In contrast, if you owe money these policies will make your predicament untenable. Ireland owes money, lots of money. If we sign up to these rules we will simply ensure that the economy implodes under the strain of low inflation and enormous debt payments. In its simplest form, once your total debts reach 100pc of your income, which is the case in Ireland with the bank debt soldered on to the country’s debt, your economy has to grow at a rate faster than the rate of interest for you to keep your head above water.
But the EU rate of interest at 5.7pc is well above the growth rate that our economy can muster. So the debt dynamics of such a situation imply that the debt will explode.
What does this mean for us as a nation? It means that we are well on the way towards a sovereign default, where the debt mountain simply gets too big and we do an Argentina and default in chaos. When this happens, the credibility of Ireland as a place to do business evaporates and multinationals will not consider us a safe place. Equally, and maybe more significantly, as the situation deteriorates, the locals will pull their cash out of the banking system, ahead of an expected default.
So the new government has to face this with the utmost urgency.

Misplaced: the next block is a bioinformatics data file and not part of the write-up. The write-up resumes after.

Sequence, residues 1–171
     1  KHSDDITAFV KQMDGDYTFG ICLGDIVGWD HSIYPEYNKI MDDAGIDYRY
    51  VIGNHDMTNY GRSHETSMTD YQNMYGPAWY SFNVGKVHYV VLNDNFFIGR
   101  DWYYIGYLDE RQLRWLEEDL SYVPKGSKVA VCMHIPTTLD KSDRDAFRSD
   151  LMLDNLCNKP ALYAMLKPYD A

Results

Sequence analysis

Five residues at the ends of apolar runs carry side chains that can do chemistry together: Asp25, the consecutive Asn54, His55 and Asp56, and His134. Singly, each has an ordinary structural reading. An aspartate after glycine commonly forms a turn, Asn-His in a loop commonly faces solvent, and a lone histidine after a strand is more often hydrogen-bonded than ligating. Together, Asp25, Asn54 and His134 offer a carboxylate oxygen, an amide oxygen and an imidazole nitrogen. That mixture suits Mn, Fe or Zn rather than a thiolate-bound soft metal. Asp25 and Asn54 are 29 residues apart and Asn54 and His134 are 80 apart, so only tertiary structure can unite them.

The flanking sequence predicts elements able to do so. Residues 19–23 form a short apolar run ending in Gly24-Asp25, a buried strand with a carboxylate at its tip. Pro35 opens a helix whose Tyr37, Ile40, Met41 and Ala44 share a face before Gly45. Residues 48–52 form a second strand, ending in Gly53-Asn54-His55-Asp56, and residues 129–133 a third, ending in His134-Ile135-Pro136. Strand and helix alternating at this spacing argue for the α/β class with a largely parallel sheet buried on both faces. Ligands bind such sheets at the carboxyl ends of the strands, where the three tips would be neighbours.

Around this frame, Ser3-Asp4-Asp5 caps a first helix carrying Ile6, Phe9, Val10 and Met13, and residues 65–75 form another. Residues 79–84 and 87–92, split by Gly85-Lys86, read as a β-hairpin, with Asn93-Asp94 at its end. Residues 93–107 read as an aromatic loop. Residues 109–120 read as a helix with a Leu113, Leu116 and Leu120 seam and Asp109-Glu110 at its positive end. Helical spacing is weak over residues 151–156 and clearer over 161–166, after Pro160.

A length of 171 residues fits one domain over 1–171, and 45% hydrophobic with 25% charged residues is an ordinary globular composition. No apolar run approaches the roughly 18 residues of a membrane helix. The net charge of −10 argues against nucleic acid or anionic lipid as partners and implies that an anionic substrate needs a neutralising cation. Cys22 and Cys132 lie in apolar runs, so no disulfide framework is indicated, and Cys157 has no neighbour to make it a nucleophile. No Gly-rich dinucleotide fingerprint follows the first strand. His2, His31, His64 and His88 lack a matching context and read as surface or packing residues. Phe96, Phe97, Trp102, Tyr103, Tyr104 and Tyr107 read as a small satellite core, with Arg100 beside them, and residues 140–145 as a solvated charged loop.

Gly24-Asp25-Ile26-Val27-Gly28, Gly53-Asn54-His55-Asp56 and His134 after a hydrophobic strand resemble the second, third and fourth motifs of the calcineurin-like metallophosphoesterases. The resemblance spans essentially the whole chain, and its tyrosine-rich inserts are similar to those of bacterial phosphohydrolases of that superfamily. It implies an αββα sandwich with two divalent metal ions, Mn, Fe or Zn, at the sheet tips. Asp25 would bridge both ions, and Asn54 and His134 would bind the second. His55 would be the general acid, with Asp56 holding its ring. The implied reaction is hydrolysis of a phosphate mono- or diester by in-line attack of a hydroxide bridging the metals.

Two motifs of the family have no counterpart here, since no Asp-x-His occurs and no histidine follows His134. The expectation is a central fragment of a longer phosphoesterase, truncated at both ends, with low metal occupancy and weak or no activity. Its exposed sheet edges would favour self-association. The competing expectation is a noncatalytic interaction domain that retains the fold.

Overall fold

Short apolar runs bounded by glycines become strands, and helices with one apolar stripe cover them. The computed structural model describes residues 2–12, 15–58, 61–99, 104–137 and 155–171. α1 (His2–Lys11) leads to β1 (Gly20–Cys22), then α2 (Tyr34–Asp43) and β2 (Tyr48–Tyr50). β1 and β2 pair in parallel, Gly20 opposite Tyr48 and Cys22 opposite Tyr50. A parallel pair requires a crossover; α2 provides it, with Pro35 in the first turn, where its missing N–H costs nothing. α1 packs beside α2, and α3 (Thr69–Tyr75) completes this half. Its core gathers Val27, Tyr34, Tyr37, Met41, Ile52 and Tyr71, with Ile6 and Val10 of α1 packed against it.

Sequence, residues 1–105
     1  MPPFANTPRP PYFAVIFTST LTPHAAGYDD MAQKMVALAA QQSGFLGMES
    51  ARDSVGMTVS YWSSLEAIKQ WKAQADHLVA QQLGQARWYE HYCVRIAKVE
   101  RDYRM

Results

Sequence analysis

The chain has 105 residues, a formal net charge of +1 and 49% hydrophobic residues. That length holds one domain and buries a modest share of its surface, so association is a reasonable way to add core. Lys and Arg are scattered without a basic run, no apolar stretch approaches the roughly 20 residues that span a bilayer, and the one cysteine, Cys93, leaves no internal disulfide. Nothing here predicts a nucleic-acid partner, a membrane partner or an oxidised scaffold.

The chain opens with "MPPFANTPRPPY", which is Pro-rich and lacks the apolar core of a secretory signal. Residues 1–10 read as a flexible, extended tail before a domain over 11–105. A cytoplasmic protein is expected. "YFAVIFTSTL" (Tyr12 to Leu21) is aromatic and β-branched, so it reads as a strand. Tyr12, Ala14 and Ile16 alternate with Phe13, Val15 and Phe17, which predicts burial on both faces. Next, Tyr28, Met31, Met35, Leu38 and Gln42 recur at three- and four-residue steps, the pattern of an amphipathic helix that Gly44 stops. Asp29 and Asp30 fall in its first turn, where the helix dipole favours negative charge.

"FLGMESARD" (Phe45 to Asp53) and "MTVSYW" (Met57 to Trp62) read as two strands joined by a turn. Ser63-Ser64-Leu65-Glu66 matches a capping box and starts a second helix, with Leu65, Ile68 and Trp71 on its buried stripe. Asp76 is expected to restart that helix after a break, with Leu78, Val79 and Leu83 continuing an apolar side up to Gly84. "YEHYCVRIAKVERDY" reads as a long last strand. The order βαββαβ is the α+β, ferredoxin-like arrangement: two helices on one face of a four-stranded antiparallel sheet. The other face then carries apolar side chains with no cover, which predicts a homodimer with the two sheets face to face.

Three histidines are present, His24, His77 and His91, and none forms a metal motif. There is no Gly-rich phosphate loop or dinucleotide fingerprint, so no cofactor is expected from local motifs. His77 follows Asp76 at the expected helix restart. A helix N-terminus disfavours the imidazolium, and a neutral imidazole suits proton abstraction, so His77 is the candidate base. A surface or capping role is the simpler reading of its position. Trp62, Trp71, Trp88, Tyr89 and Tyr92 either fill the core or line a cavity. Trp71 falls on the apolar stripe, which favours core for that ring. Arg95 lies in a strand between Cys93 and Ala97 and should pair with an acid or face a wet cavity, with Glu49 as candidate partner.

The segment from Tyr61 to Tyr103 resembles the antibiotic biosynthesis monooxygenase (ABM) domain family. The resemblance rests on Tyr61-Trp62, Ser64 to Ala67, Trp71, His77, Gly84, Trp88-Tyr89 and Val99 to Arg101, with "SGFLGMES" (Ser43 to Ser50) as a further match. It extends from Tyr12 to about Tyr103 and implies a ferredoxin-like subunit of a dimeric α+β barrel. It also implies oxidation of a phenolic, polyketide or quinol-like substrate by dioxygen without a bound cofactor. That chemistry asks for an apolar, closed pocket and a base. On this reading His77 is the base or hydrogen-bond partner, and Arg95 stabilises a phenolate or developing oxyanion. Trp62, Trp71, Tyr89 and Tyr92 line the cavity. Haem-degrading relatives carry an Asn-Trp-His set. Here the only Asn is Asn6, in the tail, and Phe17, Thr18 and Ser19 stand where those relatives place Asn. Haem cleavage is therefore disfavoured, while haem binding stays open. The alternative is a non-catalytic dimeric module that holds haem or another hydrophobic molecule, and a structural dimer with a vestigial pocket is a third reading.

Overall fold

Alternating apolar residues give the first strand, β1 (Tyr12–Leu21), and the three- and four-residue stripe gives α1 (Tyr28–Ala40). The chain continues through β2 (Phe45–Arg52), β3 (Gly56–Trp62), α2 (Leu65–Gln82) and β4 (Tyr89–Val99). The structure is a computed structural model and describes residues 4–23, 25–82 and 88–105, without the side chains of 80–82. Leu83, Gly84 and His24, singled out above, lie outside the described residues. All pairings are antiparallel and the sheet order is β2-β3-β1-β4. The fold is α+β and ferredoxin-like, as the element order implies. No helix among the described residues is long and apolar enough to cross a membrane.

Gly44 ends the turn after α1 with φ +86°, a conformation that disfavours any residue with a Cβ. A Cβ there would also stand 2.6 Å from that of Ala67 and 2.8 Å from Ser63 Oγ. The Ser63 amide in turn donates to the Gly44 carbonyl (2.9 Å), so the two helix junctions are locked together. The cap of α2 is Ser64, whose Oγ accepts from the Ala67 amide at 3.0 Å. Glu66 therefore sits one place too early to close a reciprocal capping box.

What can we do? Are we going to do nothing and hope for the cavalry to emerge over the horizon? Are we going to risk everything for the bankrupt banks, which are not even functioning as providers of credit to the system? Is there an alternative way out?
Let’s look at some numbers. The total unsecured bank debt of the banks in Ireland is â‚¬21.4bn — â‚¬15.4bn senior and â‚¬6bn subordinated.
We can take the Anglo and the INBS debt out of that equation, as those banks are being wound up at the moment and presumably the bondholders will have to wait in line and pick up the scraps.
That gives us senior debt of â‚¬11,623m and unsecured debt of â‚¬5,743m.
Savings on this would be quite easy. First, wipe out the subordinated debt thus saving â‚¬5.7bn. This is what happens to subordinated debt in a crisis: it goes.